A half century ago, perhaps First Methodist Church of Batesville members decided to host a turkey dinner because they had to raise money to pay for an addition (please see box).
The new 74-by-40-foot building included four large classrooms, a choir room, large fellowship hall, boiler room and storage space. In the church building, remodeling took place in the current three basement classrooms, one of which became the church office. The kitchen was enlarged, and a parlor, a chapel with seating for 60, coat room and two restrooms were added.
A special service was held Nov. 17, 1963 to consecrate the new educational unit, The Herald-Tribune reported Oct. 31, 1963. Participants included a bishop’s representative, Pastor Charles Myers, building committee chairman William Greeman, church school superintendent Melvin Yorn and lay leader Richard Lemen. Both choirs sang.
Just like many other Batesville traditions, for 50 years this turkey dinner has been going strong. Organizers are a Batesville trio, three-year leader Barb Nettnay and five-year leaders Steve and Tricia Hutchison. The menu hasn’t deviated: turkey, mashed potatoes and gravy, green beans, cole slaw, cranberry salad, bread, desserts and drinks.
Several advancements are keeping the event fresh. New youth director Jane Turchyn asked, “How can we help?” It was decided each confirmation student would work at the meal side by side with his or her mentor (an admired nonrelated church member). For the first time, the cranberry salad will be prepared at the church instead of homes. Nettnay adds, “We bought a celery cutter this year” to ease the dressing preparation.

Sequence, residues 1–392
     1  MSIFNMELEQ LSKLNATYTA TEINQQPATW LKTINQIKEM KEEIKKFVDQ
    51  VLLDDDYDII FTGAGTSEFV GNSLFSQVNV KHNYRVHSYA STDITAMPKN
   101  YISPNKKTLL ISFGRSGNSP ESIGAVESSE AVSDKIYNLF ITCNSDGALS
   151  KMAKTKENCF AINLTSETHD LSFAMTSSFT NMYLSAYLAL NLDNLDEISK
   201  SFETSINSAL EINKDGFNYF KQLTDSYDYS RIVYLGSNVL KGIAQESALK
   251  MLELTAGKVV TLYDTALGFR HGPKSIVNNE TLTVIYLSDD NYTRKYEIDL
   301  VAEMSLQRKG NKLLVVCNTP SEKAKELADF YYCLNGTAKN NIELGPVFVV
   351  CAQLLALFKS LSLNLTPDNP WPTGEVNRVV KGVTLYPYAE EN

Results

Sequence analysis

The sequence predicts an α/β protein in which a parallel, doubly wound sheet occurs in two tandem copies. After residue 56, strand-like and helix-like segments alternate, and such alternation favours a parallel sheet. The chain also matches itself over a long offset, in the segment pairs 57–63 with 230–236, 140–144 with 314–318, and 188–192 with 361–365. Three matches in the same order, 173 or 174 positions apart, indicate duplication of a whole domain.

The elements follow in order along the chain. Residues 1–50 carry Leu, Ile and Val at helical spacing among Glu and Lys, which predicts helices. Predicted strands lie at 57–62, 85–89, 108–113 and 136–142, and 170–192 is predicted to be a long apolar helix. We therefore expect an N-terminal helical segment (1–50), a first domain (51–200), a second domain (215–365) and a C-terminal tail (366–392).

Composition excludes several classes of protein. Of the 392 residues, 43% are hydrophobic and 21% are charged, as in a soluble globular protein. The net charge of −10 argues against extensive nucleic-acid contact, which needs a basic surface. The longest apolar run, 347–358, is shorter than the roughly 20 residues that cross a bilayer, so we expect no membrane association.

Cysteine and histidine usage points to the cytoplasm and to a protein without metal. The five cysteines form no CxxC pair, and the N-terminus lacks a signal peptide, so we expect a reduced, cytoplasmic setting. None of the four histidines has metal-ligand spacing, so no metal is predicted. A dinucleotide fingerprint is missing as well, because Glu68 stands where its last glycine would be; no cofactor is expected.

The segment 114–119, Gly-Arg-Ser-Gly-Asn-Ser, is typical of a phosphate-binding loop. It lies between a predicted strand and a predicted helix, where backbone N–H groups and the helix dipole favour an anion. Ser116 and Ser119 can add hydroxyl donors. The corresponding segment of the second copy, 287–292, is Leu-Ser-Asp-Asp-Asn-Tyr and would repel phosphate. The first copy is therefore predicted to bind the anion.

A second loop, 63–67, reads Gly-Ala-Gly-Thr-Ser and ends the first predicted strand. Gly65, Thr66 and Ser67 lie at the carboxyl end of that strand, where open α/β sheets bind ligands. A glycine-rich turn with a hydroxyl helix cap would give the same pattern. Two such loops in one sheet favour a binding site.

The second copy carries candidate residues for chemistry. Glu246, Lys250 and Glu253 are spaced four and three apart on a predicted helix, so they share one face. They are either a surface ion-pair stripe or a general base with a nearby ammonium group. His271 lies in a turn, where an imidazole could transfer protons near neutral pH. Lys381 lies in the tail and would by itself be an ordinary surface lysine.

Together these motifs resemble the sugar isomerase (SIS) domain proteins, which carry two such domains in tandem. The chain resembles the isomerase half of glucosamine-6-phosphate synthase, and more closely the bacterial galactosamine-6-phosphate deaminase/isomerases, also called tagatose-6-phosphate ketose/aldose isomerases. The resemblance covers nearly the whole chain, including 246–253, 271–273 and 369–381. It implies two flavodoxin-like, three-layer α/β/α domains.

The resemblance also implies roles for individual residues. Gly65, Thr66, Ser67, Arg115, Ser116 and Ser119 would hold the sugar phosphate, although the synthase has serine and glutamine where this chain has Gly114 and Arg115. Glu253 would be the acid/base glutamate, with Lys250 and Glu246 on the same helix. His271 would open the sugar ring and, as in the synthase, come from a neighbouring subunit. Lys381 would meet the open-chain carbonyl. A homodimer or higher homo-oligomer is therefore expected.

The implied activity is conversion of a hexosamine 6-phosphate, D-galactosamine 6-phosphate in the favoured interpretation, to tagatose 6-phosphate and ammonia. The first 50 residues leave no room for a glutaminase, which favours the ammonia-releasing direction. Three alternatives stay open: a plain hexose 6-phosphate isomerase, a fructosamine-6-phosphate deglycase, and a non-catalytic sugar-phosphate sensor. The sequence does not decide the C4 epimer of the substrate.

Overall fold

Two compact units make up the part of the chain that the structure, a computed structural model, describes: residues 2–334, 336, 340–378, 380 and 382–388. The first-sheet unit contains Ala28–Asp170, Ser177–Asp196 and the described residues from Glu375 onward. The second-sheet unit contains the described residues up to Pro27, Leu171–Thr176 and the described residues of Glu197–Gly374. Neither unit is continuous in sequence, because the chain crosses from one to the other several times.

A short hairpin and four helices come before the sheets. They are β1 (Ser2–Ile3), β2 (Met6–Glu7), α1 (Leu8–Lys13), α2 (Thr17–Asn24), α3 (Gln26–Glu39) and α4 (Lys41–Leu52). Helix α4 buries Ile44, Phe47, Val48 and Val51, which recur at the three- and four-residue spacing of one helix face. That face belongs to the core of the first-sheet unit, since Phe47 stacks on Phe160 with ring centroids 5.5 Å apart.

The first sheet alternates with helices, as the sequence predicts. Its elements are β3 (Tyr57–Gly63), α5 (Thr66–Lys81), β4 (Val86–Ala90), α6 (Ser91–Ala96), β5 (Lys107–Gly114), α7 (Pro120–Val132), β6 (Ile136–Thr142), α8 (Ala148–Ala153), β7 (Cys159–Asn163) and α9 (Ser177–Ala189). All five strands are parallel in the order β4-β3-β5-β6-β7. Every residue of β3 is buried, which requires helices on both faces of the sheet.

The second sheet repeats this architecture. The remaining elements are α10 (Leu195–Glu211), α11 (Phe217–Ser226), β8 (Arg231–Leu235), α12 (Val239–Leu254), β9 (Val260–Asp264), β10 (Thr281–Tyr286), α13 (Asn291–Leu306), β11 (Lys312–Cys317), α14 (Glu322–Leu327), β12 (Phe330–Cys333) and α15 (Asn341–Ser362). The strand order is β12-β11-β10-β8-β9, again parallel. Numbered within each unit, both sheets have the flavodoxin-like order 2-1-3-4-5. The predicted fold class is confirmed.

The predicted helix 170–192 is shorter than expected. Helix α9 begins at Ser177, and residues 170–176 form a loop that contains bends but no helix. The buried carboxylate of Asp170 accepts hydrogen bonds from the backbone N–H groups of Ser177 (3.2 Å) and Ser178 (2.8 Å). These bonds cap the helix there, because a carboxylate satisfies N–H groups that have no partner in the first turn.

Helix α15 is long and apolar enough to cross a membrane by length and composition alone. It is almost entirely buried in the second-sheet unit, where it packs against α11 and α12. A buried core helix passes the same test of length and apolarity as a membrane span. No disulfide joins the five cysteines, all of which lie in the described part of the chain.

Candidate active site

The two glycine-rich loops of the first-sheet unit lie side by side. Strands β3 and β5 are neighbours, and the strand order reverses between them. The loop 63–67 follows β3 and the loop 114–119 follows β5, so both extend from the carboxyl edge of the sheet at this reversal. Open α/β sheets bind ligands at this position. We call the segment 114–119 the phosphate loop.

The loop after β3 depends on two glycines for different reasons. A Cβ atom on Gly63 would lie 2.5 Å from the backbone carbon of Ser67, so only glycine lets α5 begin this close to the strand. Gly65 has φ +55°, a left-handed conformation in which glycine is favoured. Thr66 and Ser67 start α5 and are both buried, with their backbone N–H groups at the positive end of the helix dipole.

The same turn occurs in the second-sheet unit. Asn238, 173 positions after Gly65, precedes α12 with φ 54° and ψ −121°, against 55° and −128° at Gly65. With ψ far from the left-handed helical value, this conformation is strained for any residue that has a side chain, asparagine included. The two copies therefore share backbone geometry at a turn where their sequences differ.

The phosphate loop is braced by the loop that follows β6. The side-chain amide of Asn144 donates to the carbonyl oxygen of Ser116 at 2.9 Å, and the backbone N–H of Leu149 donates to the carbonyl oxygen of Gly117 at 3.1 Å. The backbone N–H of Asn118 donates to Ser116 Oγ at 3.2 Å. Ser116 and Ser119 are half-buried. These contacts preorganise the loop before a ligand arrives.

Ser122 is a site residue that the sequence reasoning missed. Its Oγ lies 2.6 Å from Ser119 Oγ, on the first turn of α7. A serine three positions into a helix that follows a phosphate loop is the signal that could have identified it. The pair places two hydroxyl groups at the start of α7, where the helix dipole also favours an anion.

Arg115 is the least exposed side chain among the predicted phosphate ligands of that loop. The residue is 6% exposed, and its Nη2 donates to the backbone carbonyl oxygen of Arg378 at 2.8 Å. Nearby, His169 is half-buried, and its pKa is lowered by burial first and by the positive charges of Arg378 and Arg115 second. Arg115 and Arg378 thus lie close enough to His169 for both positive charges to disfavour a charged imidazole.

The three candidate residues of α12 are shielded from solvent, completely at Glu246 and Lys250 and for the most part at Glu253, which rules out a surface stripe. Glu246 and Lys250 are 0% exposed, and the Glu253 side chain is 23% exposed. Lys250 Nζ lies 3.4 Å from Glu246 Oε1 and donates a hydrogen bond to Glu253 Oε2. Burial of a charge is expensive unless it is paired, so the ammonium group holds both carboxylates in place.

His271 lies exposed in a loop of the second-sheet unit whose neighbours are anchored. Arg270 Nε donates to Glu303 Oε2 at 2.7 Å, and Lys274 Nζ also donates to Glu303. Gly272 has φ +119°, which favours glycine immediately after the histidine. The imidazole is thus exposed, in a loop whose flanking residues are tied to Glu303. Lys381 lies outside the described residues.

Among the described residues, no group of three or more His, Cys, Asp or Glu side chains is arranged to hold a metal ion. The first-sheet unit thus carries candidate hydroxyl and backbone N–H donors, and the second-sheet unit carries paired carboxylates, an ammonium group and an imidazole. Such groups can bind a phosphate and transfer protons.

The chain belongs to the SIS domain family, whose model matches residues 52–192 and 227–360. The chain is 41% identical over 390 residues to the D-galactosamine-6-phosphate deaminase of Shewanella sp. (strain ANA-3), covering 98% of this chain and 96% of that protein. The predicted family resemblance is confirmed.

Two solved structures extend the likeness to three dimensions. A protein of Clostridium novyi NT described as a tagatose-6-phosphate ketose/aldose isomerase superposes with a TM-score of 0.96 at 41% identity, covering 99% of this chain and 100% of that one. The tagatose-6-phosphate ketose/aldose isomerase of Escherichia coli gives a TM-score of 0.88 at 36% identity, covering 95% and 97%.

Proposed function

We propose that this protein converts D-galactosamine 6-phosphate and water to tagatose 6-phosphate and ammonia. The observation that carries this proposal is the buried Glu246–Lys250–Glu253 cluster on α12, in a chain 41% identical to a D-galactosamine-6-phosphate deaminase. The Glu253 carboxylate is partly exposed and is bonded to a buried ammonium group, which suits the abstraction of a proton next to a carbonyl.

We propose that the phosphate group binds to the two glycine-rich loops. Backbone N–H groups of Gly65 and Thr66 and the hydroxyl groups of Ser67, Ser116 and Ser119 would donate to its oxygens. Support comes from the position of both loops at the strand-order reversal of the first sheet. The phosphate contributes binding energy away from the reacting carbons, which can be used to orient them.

Because this dinner is a five-decade milestone, as persons eating in the dining room stand in line, they can read memories of past turkey meals written on – what else? – paper turkeys and posted on the walls.
In the early days, turkeys, cranberry salads and desserts were prepared in members’ homes and carted to the church. Told by Elsie Ritter and Dora Larabee, now dead, “we need some young people,” Virginia Smith was recruited around 1967. “Those ladies knew how to work!” she recalls. “We peeled bushels of potatoes.” She and the late Audrey Rhoads mashed mountains of them with a measly handheld mixer. “My arm hurt like you couldn’t believe.” Members got smart and eventually borrowed a gigantic mixer from the Batesville Community School Corp.